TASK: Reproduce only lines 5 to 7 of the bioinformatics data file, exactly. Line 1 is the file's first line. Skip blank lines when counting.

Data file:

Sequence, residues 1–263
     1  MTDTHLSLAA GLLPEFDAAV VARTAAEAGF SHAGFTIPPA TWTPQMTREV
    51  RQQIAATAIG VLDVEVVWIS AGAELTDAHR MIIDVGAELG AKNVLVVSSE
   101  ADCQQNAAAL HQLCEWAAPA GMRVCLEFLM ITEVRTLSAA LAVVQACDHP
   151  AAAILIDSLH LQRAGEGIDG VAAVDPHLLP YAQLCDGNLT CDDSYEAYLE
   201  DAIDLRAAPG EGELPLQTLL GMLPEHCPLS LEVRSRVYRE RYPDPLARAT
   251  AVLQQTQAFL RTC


   151  AAAILIDSLH LQRAGEGIDG VAAVDPHLLP YAQLCDGNLT CDDSYEAYLE
   201  DAIDLRAAPG EGELPLQTLL GMLPEHCPLS LEVRSRVYRE RYPDPLARAT
   251  AVLQQTQAFL RTC